2. Consider the Relationship: Choose the subordinating conjunction that accurately reflects the relationship between the clauses, whether it’s time, cause and effect, contrast, or condition.
  3. Choose Appropriate Conjunctions: Select subordinating conjunctions that precisely convey the relationship you want to express. Different conjunctions indicate different connections.
  4. Punctuation Matters: When a subordinate clause precedes the main clause, use a comma to separate them. If the main clause comes first, no comma is needed.
  5. Practice Varied Usage: Experiment with different subordinating conjunctions to convey the same relationship. This can enhance your command of language and make your writing more dynamic.

Subordinating Conjunctions Examples

  • She went to bed early because she was tired.
  • I will call you when I finish my work.
  • Though it was hot, she wore a sweater.
  • Brush your teeth before you go to bed.
  • She stayed home because it was raining.
  • If you overeat, you might feel sick.
  • I’ll call you when I reach the station.
  • I won’t come unless you invite me.
  • She likes pizza, whereas he prefers pasta.
  • I’ll go for a walk whether it rains or not.
  • Although the movie was long, they enjoyed it.
  • She smiled because she was happy.
  • After the storm passed, they went outside.
  • I’ll be happy when I see you again.
  • Call me when you arrive at the airport.
  • Finish your dinner before you have dessert.

Subordinating Conjunctions Exercises

1. She didn’t go to the party _______ she wasn’t feeling well.

    1. but
    2. because
    3. or
    4. so

2. Which subordinating conjunction shows a time relationship?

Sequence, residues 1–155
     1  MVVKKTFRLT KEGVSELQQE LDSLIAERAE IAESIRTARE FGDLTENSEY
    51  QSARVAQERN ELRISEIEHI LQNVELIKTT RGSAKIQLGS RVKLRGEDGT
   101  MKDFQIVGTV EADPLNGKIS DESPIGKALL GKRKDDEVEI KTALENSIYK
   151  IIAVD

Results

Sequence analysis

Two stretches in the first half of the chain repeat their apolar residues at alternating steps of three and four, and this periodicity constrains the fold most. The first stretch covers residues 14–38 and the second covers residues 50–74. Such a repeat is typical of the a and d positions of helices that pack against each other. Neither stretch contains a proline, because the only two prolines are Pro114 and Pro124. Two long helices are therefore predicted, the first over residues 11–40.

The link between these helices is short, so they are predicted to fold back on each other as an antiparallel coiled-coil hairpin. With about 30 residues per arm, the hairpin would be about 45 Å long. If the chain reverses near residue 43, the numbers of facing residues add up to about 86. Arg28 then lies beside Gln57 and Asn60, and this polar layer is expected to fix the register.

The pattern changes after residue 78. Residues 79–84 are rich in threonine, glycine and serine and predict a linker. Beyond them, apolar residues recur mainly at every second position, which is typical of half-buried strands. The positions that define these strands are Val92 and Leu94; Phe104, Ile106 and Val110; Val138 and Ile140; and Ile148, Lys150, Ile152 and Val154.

1. if
    2. while
    3. unless
    4. since

3. Which subordinating conjunction is used to express a contrast?

    1. if
    2. although
    3. after
    4. since

4. He won’t understand the instructions __________ you explain them clearly.

    1. whereas
    2. unless
    3. after
    4. while

5. __________ she was tired, she stayed up to finish her work.

    1. if
    2. while
    3. because
    4. since

6. I’ll call you __________ I arrive at the airport.

    1. when
    2. unless
    3. if
    4. because

7. Finish your chores __________ you can go out to play.

    1. although
    2. because
    3. if
    4. after

8. He enjoys hiking __________ I prefer staying indoors.

    1. whereas
    2. because
    3. when
    4. unless

9. They decided to cancel the picnic __________ it started to rain.

    1. unless
    2. when
    3. because
    4. after

10. I’ll be happy __________ I see you again.

    1. unless
    2. after
    3. when
    4. because


    1. b) because
    2. b) while
    3. b) although
    4. b) unless
    5. b) while
    6. a) when
    7. c) if
    8. a) whereas
    9. b) when
    10. c) when


Q1: What is a subordinating conjunction?

A subordinating conjunction is a word that connects two clauses in a sentence, making one clause dependent on the other. It shows the relationship between the clauses, such as time, cause and effect, contrast, or condition.

Q2: How do subordinating conjunctions differ from coordinating conjunctions?

Subordinating conjunctions connect a dependent (subordinate) clause to an independent (main) clause, indicating a relationship of dependence. Coordinating conjunctions, on the other hand, connect two independent clauses of equal importance.

Q3: What are some common subordinating conjunctions?

Common subordinating conjunctions include “because,” “although,” “if,” “when,” “while,” “before,” “since,” “unless,” “whereas,” and “after.”

Q4: What’s the role of subordinating conjunctions in a sentence?

Subordinating conjunctions join clauses, indicating the relationship between them. They help convey the order, time, cause, contrast, or condition of actions or events within a sentence.

Q5: Give some examples of subordinating conjunctions.

Here are some example sentences of subordinating conjunctions:

  • I’ll call you when I reach the airport.
  • You won’t pass the test unless you study.
  • She prefers tea, whereas he likes coffee.
  • After the movie ended, they went for ice cream.
  • She went to the store because she needed groceries.